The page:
Assuming you have made a decision about backup, let's continue with step 2 on page. Many of the steps that follow are obvious, but perhaps the use of the ESD strap is not. Its purpose is to prevent a electrostatic discharge between you and the computer. Note that is does not protect you from a discharge from the power supply. It protects the computer from a mild discharge that you may not even feel. Here is some good advice:

Static electricity - ESD, or Electrostatic Discharge, can be a serious cause of problems. Some numbers from a previous text may help you understand the situation:

  • A human can't feel a static discharge until it is 3,000 volts or more.
  • Normal motion, like moving a chair or a foot can generate 1,000 volts.
  • Simply walking across a carpeted area can generate 1,500 to 35,000 volts.
  • Handling a plastic envelope can generate 600 to 7,000 volts.
  • Picking up a plastic bag can generate 1,200 to 20,000 volts.

Damage can be done to computer parts with 20 to 30 volts. The damage may not cause immediate failure.

Rules of Static Prevention

  • Ground yourself when working on computers. Use a wrist strap, EXCEPT when working on monitors or power supplies. Test your grounds. Unplug computers, as some modern models pass current through the system when plugged in, even if they are turned off. (This tech I know tried to change sound cards while the new Dell was plugged in...)
  • Do not touch electrical leads.
  • Do not touch ungrounded people while working on components.
  • Use static-shielding bags (gray or silver) not antistatic bags (pink or blue).
  • Keep nonconductors, like styrofoam, away from components. They can store static.
  • Don't place components on metal surfaces.
  • Increase humidity to minimize static.
  • Put the computer on the desk, not the floor. Dry room, winter, feet scuffing on a carpet next to a computer: formula for disaster. It's called a "desktop" for a reason.

Review the discussion about opening a "standard" case. The truth is that there are many designs, many that use screws, many that don't, and many that require you to find an owner's manual. The text continues with an introduction to motherboards and expansion (add-on) cards/boards. Look over that if it is unfamiliar to you.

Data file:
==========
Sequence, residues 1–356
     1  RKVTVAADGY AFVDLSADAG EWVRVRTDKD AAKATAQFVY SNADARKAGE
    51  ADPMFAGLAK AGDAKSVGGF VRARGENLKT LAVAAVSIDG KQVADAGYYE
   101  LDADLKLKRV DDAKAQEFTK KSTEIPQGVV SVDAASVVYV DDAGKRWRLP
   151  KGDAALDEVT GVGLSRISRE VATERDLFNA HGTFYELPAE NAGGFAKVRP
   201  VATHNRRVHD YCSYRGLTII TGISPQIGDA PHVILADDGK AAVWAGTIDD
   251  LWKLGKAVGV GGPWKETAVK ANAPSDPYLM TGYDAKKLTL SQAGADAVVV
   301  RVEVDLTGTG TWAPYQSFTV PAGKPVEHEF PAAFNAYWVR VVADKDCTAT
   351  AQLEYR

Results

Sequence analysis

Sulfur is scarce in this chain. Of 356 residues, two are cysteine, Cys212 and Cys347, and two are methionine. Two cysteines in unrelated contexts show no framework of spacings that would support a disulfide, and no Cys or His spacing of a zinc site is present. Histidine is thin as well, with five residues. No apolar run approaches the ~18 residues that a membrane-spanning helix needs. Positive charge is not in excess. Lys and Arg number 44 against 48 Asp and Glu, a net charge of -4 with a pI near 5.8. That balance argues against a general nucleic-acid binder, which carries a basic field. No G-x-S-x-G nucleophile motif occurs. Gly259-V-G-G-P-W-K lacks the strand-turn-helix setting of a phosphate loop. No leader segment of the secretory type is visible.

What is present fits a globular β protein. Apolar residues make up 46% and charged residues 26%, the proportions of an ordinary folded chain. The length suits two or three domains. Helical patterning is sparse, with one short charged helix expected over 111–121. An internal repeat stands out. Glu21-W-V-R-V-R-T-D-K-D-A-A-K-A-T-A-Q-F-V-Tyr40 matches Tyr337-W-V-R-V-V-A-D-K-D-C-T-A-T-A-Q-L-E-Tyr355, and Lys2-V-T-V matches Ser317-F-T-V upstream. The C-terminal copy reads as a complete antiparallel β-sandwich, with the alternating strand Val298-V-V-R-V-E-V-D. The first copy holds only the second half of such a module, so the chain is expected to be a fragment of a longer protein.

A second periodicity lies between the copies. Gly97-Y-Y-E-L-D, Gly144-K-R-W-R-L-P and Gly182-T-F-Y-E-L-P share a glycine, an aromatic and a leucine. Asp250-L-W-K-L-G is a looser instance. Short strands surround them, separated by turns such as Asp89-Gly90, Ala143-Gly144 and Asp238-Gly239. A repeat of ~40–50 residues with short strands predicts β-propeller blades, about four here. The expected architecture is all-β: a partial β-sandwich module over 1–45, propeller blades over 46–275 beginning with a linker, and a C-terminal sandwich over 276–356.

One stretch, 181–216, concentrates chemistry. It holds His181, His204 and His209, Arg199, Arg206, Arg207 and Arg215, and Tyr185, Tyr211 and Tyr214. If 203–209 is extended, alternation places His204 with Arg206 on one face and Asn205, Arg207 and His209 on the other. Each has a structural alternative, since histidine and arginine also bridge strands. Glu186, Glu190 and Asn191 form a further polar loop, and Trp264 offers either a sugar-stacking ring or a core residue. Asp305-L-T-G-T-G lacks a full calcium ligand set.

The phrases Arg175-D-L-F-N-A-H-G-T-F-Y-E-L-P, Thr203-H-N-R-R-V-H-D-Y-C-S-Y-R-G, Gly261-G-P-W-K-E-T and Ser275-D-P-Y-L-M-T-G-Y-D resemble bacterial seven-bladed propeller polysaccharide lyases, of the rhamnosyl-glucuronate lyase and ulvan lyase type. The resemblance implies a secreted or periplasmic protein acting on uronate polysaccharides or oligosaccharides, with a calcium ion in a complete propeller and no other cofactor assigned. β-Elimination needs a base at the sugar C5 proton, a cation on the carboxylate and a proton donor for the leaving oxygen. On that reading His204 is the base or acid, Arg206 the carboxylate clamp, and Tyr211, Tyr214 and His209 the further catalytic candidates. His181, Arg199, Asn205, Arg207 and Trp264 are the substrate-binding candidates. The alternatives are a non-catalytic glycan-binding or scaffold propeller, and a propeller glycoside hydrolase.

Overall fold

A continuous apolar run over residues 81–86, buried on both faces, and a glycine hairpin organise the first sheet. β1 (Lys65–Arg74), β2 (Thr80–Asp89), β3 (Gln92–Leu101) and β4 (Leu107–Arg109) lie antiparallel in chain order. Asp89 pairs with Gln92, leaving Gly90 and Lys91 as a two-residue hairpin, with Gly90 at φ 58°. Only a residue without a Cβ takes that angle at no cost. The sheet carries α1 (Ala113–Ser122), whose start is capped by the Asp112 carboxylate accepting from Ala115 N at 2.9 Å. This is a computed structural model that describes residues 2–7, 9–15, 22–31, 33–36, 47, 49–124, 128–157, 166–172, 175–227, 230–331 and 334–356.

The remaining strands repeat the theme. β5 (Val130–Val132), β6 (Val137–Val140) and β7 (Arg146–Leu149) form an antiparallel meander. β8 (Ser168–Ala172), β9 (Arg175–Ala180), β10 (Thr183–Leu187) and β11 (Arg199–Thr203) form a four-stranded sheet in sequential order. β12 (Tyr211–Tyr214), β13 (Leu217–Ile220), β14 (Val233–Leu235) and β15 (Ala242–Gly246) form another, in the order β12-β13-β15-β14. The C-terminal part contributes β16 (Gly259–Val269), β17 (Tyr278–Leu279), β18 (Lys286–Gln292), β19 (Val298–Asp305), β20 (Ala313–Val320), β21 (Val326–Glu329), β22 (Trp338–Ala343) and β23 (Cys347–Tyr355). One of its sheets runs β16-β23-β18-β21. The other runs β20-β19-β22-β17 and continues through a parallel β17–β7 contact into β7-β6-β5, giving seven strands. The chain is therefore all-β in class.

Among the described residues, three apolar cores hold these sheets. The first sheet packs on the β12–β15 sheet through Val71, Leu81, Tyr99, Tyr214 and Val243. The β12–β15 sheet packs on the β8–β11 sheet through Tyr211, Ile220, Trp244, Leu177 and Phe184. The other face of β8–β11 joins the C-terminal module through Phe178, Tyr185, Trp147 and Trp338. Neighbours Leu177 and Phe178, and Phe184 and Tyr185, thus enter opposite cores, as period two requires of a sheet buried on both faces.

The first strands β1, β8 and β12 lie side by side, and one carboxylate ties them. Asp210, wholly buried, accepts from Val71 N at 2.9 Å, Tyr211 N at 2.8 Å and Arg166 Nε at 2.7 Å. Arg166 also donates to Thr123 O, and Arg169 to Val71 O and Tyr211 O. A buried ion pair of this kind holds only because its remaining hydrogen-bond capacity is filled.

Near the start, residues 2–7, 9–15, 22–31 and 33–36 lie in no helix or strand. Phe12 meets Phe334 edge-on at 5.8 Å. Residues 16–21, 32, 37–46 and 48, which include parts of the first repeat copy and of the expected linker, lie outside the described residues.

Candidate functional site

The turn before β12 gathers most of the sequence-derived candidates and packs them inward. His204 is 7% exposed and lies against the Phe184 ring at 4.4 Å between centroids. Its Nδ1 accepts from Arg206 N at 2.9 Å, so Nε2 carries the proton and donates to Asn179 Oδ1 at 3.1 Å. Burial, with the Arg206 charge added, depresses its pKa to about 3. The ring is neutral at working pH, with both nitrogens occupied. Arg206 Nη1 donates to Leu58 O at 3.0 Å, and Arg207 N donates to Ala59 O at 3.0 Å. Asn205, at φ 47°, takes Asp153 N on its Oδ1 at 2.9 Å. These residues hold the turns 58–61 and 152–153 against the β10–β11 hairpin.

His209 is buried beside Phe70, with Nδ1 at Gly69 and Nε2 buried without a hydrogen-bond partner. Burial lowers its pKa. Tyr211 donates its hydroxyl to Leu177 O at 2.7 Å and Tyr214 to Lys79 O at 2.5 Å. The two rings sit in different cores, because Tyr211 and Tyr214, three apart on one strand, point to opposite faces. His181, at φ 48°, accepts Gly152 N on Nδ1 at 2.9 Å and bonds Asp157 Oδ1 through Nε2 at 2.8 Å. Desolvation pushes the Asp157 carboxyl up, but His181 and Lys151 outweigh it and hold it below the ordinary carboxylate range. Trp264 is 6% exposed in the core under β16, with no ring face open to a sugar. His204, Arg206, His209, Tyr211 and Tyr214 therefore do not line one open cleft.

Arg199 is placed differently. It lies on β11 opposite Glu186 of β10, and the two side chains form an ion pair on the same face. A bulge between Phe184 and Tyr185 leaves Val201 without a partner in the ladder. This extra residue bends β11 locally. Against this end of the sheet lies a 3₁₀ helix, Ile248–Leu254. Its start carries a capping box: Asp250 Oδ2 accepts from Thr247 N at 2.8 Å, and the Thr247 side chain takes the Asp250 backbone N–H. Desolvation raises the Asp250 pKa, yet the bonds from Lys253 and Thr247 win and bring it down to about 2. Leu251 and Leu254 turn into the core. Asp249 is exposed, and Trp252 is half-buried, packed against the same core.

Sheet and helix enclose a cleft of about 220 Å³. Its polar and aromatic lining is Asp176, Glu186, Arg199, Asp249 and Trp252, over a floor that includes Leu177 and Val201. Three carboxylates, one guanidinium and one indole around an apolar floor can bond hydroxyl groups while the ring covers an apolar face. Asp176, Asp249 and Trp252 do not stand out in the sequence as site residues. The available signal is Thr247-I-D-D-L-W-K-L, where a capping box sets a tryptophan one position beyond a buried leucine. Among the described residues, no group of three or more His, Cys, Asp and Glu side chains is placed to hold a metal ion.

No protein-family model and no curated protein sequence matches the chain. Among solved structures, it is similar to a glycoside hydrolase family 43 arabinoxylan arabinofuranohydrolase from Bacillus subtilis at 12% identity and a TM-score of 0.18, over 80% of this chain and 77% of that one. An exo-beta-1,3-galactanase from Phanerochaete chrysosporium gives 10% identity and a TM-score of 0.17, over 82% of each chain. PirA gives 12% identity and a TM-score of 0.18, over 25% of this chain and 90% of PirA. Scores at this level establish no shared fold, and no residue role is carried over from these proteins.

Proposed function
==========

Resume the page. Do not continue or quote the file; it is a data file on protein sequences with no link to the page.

If you are not confused yet, turn to the section of the text on connectors associated with power supplies. This section should sell you on the idea that when you build a computer, you have to make sure that your power supply, your motherboard, and your expansion cards all are compatible with each other. The text tells us that the current A+ tests expect you to know about each of the connectors in table 1-2. This link will take you to a site that displays several of the connectors and several of their matching sockets. That site has a lot of ads, but it also has tutorials on many of the subjects in our text.

If you are not happy reading or linking, you can get a lot of information from the video displayed below. (No, children, there is no such thing as a 'below video'. You have been misled.)


If that one doesn't do it for you, here is another one by Linus, who has lots of videos on YouTube. He has a different style, and he points out different tech facts:


Halfway through the chapter, the author switches to laptop computers. Laptops are typically harder to work on, and harder to reassemble once you get them apart. They usually have batteries that don't last long enough to watch a movie, and they may have very few ports, which are always on the most inconvenient side of their cases. (I have been working on a laptop for my day job for the last six months.) They are meant to be lighter than desktops, usable in any setting (while their batteries last), and portable between work locations.

To overcome the deficiencies that laptops usually have, the text mentions docking stations and port replicators. They are two different things. A docking station typically provides more ports, the ability to use power supply to use or charge the computer, and the ability to connect to a desktop monitor (usually much larger than the one attached to the laptop). As the text points out, a docking station has to be designed to fit a docking port, which is usually on the back or the underside of the laptop. This means you cannot use just any docking station with just any laptop. Port replicators are different. When I am at work, my laptop connect to a port replicator that connects to a USB-C connector on the laptop. This provides power, carries the video signal to a larger monitor, and allows me to connect other peripherals to my laptop. In this case, the line between the docking station and the port replicator is blurred, but that is intentional on the part of the manufacturer.

Like desktops, the next laptop you see may come apart in a way you have never seen before. The author suggests consulting a user manual for advice before beginning to take one apart. She also points out that you may need a service manual for the device, if there is such a manual, for details on fastenings and components. She also suggests that you will have to add more tools to your kit, such as a Phillips 1 bit and a Torx 5. In the video below, the presenter uses a Phillip 8, and a metal spudger.


The text also mentions all-in-one computers, which often resemble a computer built into a monitor. The text tells us there is an A+ objective for this subject, so read through this short section.

At the end of the chapter, there is a long list of advice about maintaining laptops. We will address this in a discussion board next week.

 

Assignments

  1. Read the chapter, and the next one for next week.
  2. Complete the assignments and class discussion made in this module, which are due by 6pm next week.